Rising 2L Sydney Goggins Advocates for Racial Justice in Her Former School District
Rising 2L Sydney Goggins last month launched a petition on Change.org “[d]emanding racial justice” from the Minnesota school district in which she attended high school. (The district serves the cities of Carver, Chanhassen, Chaska and Victoria.) In just a week, she collected 1,228 signatures. Her story, along with those of a number of activists involved in anti-racist education reform efforts, was recently reported by MinnPost. In a Q&A with Minnesota Law, Goggins, a 2020 Human Rights Center fellow, reflects on her activism and how it connects to her aspirations and view of leadership.
What inspired you to launch the Change.org petition?
I originally saw a template for the letter on another activist’s Instagram page (@ankita_71). She offered the template for other activists to send to their school districts. In a moment where I was participating in marches, protests, signing petitions, and calling local officials it felt like action on a more local level was necessary. The letter seemed like an effective way to implement change locally.
How did you collect more than 1,000 signatures in a week?
I posted the petition on my Instagram page and from there many people shared it on their own social media. It grew quickly but I wanted to take action as fast as possible so cut it off after a week.
What other forms of activism have you engaged in?
I have been engaged in activism since a young age. When I was a senior in high school I attended my first Black Lives Matter protest for Philando Castille’s murder. Now, four years later, I am in the same streets marching, protesting, making calls to officials, writing letters and emails, and volunteering for various non-profit organizations working on police accountability.
What do you hope to accomplish with the petition and letter to the superintendent?
My goal is to accomplish the five action items listed in the letter which includes:
- making social justice and racial equity a Core Value of the district,
- releasing a plan for recruiting, hiring, and retaining educators of color,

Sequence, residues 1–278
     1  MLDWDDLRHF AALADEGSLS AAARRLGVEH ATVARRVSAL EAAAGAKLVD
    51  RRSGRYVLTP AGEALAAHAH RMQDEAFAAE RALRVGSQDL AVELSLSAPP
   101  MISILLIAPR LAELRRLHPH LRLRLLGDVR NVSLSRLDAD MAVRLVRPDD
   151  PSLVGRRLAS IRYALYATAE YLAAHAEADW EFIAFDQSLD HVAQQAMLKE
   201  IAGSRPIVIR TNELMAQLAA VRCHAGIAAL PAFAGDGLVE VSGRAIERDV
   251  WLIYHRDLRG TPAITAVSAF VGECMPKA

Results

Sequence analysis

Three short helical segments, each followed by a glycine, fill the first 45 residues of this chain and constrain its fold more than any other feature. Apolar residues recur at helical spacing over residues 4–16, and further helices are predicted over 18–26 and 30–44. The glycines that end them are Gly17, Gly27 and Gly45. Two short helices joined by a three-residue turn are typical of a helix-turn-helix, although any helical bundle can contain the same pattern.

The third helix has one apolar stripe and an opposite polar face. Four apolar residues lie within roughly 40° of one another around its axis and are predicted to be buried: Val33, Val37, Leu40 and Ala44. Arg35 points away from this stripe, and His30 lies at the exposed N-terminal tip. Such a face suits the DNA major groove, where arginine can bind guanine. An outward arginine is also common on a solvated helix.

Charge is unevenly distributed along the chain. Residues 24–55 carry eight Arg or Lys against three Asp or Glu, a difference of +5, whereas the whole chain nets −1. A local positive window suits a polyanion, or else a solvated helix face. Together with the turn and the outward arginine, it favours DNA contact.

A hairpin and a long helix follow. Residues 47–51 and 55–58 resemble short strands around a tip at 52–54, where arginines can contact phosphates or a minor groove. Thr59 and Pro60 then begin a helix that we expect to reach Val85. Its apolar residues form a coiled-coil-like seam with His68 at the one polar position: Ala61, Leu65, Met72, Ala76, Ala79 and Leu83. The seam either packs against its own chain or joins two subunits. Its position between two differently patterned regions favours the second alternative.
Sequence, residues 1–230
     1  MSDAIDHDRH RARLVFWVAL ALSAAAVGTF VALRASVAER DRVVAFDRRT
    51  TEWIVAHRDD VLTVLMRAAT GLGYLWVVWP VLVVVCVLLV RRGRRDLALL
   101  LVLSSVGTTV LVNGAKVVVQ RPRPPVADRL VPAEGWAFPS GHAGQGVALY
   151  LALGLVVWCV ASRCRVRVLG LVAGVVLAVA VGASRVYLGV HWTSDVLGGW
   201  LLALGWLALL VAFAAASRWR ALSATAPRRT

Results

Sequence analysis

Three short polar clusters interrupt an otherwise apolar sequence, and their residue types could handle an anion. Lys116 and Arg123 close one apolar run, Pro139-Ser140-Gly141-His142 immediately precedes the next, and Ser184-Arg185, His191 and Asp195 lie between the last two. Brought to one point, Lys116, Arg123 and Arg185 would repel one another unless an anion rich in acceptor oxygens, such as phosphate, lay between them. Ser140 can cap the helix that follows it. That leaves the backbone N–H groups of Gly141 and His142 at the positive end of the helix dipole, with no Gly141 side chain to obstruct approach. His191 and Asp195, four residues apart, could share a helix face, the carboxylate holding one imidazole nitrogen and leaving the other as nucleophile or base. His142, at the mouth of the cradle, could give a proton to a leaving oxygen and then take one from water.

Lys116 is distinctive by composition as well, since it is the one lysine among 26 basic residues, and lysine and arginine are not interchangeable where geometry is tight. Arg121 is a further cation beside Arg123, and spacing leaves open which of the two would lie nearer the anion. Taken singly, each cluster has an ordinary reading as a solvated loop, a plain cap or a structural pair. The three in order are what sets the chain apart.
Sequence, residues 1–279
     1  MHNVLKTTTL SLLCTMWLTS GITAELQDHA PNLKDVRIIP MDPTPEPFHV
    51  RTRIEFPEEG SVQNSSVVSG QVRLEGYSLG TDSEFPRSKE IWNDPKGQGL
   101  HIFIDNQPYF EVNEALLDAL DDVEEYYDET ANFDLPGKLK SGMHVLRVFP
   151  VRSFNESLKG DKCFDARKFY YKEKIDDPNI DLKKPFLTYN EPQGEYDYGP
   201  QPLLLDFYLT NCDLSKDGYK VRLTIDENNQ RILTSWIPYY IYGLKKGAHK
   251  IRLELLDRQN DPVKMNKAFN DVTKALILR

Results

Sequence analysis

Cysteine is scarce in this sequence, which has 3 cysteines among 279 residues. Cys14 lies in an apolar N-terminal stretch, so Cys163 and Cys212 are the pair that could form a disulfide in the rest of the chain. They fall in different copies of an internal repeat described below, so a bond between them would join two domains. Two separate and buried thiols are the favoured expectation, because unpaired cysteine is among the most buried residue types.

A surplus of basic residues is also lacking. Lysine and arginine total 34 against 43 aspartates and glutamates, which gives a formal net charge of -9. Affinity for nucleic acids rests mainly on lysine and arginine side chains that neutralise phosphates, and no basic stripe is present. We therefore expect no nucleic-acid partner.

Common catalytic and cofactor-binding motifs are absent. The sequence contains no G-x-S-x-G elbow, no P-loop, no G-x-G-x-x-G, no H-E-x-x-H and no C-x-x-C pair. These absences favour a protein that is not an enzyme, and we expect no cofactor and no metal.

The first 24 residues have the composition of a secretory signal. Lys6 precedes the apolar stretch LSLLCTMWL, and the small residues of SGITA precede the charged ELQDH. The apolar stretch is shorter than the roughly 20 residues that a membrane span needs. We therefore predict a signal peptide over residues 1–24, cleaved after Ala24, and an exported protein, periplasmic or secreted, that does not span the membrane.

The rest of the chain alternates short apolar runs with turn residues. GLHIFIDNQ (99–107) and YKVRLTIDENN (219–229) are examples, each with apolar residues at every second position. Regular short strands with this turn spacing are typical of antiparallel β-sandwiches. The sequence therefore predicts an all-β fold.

- reviewing the Social Studies curriculum to ensure accurate historical and contextual teaching on social and racial injustice and privilege,
- planning and implementing professional development for all staff on implicit bias, racial equity, and inclusive curriculum, and
- assessing the Equity Team to ensure it is collaborative and racially diverse.
What does being a lawyer-leader mean to you?
Being a lawyer-leader in this present moment takes on a new meaning. It is crucial that as law students we use our education and privilege to educate others, protest, and make important changes where we can. We are given the tools to change the system in law school and now is the time to put those to task.
What would you ultimately like to do with your law degree?
Upon graduation, I hope to practice human rights law. I want to work with marginalized communities by providing direct assistance and a microphone to those with intersecting identities.
What message would you like to convey to your fellow law students about getting involved in the cause of racial justice?
To my fellow law students I say that we need to use our privilege whether that is race, education, gender, etc. to get people’s attention. I am a white, cisgender woman with a college degree and I can use my platform to put a spotlight on issues that may not otherwise be discussed by predominantly white institutions. We have the knowledge and the power to make change.